Honorable Mention #1:
MSI Optix G24C 24″
An alternative option to the Acer ED273 27″ and the Acer ED242 24″ is MSI’s Optix G24C curved gaming monitor. Like the ED273 and ED242, the MSI G24C is a 1080P curved panel display that has a high 144Hz refresh rate.
The G24C is a 24″ screen, though, so it compares better to the ED242 than it does to the ED273. It’s also priced similarly to the ED242 as both come in at right around $200. The main difference between MSI’s Optix G24C and Acer’s ED242 (and ED273) is that the Optix G24C comes with Adaptive Sync technology rather than AMD’s FreeSync. AAdaptive-Syncis similar to AMD’s FreeSync and, just like FreeSync, you can only use an AMD graphics card with it.
If it were up to me, I’d choose the Acer display for FreeSync alone. However, both displays are good options and so if you can find one option on sale, that’s probably the best route to go.
Honorable Mention #2:
Acer XR382CQK 37.5″
Another high-end ultrawide curved monitor is Acer’s XR382CQK 37.5″ display. However, at right at ~$1,000, this is easily the most expensive option on this list. The main reason for its high price tag is its ultra-wide form-factor, its curved panel, and most importantly, its whopping 3840 x 1600 resolution.
The main downside of this monitor, though, (aside from how much it costs) is that it only comes with a 75Hz refresh rate. If you’re a competitive gamer that plays first-person shooters or other fast-moving esports-type games, you’d be much better off opting for a lower resolution monitor with a higher refresh rate.
However, if you play story-driven games that have amazing visuals, then the higher resolution might be the best option for you. Just note, though, that this monitor does come with AMD’s FreeSync technology and so it will work best when paired with a high-end AMD GPU (RX 580 8GB, RX Vega 56, RX Vega 64.)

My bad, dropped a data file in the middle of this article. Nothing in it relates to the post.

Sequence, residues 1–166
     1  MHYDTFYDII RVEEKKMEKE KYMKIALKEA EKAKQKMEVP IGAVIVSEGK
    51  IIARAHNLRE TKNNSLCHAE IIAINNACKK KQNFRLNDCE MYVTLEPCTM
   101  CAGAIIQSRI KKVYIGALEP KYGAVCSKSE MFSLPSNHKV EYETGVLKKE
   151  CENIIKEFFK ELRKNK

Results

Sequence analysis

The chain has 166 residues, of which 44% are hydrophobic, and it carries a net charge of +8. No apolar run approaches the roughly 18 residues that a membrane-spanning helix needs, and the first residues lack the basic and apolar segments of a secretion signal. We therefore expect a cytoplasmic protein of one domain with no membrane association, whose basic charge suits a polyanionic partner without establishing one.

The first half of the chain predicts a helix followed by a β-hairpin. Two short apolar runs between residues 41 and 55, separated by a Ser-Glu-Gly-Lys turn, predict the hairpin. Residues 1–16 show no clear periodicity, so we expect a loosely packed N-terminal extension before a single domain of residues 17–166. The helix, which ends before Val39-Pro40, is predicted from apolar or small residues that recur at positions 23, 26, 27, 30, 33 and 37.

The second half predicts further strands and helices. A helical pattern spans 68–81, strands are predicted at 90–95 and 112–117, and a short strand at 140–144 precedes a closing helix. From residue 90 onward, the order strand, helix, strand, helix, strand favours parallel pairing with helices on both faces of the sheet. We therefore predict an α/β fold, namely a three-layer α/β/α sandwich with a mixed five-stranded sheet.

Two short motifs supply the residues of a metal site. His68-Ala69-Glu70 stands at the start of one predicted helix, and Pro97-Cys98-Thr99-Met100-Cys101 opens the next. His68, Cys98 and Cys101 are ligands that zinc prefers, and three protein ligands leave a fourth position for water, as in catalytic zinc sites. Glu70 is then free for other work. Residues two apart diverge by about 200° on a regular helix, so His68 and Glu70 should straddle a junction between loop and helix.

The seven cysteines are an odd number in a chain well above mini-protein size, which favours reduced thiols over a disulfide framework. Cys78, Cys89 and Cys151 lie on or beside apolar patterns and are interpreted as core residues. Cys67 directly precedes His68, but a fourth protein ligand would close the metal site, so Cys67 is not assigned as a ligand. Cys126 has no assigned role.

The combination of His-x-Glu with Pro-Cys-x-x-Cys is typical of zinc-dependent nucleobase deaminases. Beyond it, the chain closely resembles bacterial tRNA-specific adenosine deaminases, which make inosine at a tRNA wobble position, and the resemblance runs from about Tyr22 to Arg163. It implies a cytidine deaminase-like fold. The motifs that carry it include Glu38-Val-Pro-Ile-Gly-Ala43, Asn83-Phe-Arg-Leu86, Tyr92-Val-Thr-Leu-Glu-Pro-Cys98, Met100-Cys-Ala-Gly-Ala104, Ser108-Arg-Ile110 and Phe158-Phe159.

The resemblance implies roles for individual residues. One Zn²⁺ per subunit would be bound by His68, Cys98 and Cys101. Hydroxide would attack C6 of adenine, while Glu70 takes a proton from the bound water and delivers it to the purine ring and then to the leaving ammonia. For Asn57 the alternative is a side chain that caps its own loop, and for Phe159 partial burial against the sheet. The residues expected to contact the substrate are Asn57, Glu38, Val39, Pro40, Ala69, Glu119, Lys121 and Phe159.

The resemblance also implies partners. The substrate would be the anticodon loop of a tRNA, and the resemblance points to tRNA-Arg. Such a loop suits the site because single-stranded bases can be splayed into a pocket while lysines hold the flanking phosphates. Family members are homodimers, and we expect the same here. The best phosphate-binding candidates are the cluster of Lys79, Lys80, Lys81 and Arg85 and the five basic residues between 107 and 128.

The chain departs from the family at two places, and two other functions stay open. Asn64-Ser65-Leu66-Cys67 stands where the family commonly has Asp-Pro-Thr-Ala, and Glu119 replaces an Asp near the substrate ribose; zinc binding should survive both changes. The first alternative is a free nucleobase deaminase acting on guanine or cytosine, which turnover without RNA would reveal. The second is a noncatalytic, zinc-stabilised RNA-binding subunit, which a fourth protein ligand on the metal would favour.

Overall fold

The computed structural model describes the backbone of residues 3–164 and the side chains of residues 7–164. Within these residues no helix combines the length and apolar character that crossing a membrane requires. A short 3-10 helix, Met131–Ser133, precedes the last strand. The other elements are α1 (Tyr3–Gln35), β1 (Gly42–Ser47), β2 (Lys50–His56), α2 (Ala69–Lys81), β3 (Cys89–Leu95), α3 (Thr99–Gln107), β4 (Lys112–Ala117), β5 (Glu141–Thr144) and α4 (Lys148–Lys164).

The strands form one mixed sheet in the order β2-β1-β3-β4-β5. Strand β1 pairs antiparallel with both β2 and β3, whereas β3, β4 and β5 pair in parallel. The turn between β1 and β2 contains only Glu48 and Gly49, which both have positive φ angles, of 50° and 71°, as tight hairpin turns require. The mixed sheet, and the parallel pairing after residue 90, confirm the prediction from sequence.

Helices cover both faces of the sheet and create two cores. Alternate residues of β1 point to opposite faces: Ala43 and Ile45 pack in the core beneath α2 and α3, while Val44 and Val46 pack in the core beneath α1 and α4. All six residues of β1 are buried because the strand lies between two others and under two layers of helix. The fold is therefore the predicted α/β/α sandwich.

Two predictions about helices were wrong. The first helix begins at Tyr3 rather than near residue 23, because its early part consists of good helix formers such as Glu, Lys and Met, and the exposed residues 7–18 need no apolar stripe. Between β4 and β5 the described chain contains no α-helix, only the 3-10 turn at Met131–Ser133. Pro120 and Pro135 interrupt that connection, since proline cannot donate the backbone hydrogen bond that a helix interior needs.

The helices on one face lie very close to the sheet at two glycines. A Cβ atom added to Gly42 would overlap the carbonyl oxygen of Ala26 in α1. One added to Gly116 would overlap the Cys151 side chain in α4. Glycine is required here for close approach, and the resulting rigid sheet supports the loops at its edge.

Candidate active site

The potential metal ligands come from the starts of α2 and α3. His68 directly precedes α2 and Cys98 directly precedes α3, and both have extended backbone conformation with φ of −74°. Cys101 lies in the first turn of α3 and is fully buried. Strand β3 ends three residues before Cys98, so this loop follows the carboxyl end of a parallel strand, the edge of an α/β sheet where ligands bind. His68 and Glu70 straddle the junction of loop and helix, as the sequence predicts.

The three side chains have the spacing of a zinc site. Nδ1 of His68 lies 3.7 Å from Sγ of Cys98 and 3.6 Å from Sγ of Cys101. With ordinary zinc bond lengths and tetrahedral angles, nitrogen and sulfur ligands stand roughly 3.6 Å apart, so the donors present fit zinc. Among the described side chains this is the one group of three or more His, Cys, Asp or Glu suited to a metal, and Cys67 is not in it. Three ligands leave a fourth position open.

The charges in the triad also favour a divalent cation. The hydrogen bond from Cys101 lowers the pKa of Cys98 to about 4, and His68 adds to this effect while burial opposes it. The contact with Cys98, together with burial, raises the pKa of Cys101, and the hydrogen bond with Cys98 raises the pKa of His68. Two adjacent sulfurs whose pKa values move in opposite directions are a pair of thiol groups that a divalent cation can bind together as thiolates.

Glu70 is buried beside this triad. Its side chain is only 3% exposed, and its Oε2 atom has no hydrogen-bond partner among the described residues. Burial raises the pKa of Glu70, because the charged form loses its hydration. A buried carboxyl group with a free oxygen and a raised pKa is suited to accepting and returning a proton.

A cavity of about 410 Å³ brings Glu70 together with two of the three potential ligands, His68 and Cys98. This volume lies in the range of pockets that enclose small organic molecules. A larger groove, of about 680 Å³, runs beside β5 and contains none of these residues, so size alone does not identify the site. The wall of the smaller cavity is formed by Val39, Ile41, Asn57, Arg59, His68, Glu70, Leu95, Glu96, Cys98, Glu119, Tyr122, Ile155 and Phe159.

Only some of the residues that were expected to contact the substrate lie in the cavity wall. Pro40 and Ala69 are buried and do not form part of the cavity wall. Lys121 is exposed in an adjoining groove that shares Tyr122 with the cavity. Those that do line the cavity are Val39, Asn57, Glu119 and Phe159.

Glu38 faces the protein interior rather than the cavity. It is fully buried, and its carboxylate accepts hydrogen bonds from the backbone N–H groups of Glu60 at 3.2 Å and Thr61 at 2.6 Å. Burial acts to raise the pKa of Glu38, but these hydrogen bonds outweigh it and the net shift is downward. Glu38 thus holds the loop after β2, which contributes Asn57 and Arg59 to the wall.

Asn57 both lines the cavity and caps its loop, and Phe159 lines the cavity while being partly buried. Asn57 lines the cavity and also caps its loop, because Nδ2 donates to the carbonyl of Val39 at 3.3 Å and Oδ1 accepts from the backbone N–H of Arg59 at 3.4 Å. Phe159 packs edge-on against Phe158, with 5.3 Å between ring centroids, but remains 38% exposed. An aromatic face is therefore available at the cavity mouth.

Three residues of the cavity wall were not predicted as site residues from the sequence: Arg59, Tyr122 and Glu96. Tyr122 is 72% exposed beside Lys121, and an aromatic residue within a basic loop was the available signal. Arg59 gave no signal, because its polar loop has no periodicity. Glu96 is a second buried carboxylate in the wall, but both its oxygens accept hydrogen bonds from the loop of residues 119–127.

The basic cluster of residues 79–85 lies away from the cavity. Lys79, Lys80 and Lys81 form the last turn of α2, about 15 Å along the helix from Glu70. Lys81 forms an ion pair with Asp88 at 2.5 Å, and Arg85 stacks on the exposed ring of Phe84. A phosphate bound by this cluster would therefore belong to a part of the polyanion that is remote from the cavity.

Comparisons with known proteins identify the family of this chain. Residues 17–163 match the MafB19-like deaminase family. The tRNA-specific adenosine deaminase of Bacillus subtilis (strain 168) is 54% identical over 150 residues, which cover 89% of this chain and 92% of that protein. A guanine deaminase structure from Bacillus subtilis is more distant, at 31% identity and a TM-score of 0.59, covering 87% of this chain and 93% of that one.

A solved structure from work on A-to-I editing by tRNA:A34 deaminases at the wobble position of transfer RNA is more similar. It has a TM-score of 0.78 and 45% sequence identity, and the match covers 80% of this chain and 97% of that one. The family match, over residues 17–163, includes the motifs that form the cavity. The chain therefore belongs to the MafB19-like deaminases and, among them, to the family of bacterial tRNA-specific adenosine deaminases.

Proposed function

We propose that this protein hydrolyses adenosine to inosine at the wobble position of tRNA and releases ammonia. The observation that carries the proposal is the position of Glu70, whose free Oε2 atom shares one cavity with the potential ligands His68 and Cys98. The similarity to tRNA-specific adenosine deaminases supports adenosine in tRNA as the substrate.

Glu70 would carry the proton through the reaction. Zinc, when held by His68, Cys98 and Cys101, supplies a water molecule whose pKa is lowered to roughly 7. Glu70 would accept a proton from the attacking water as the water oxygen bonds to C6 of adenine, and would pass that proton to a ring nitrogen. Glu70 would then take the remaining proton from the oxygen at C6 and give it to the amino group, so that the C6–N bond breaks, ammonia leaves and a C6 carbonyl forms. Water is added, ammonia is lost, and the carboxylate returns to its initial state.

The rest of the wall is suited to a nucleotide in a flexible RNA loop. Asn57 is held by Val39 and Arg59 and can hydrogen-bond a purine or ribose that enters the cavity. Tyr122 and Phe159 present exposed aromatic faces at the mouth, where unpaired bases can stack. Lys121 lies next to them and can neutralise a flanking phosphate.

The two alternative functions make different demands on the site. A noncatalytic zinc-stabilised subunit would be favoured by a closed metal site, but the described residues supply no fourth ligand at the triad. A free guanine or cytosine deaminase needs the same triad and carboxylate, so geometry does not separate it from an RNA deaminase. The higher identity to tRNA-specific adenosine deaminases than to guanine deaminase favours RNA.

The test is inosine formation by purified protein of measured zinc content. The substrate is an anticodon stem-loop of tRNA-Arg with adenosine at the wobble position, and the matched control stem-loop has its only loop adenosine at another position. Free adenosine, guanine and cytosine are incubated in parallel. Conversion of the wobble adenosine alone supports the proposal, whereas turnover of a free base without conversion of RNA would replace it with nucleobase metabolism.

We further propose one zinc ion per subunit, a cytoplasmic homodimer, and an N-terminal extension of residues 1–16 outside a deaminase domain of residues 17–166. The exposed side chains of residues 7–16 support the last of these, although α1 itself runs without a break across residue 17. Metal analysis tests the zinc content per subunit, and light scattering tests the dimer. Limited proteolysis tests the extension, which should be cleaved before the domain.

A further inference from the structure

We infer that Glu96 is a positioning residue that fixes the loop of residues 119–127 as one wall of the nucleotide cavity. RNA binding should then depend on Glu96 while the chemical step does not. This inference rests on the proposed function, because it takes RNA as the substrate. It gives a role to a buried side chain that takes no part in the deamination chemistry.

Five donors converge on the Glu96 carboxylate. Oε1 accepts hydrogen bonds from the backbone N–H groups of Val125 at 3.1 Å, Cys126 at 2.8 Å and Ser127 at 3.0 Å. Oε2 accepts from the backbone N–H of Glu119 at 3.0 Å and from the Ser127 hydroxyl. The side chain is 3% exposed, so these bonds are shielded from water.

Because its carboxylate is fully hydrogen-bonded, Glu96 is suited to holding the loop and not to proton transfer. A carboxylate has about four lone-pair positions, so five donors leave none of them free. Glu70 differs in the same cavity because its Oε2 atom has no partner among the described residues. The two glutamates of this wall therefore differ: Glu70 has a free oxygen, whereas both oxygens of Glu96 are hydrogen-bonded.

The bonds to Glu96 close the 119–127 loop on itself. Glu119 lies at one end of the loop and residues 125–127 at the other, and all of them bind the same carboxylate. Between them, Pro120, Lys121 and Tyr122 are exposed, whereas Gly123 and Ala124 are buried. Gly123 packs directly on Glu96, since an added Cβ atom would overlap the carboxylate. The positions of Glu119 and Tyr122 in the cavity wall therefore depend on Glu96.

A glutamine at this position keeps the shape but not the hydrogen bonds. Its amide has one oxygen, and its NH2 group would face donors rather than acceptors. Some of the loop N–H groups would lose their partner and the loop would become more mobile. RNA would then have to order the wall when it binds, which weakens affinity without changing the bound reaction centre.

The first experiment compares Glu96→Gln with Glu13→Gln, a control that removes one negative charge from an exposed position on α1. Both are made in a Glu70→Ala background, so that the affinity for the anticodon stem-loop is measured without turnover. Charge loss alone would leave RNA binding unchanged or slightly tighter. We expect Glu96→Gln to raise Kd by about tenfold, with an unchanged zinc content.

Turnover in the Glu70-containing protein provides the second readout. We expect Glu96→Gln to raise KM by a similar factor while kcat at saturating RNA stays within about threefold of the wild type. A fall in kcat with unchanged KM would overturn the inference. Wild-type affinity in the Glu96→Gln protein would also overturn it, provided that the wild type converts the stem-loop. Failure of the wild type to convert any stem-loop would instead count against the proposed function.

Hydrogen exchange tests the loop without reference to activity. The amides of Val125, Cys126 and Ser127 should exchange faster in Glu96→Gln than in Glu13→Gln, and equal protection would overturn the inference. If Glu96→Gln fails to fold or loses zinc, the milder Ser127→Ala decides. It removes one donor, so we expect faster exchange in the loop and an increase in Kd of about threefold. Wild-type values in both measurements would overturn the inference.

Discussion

In the end, if you’re willing to pay this much for a curved gaming monitor, you’d probably be better off going with the ASUS ROG Swift PG348Q or the Samsung CHG90.
Honorable Mention #3:
LG 34UC79G-B 34″
If you don’t quite have ~$800+ to spend on the Samsung CHG90 or the ASUS ROG Swift PG348Q, but you want a little more than the Acer ED273 has to offer, the LG 34UC79G-B might be the pick for you.
Like the Acer ED273, the LG 34UC79G-B has a vertical pixel count of 1,080, comes with a 144Hz refresh rate, and sports AMD’s FreeSync technology. However, the LG 34UC79G-B comes in an ultra-wide form-factor with a horizontal pixel count of 2,560, for a total resolution of 2560 x 1080.
The LG 34UC79G-B does cost twice as much as the Acer ED273, though, and so if the extra horizontal space won’t justify the large price increase for you, you’d probably be better off with the Acer ED273 instead.
Is A Curved Gaming Monitor the Right Option for You?
If you’re dead set on getting a curved gaming monitor one of the seven options listed above will likely work for you. However, if you want to take a look at other options, the guides listed below will give you more gaming-specific monitor options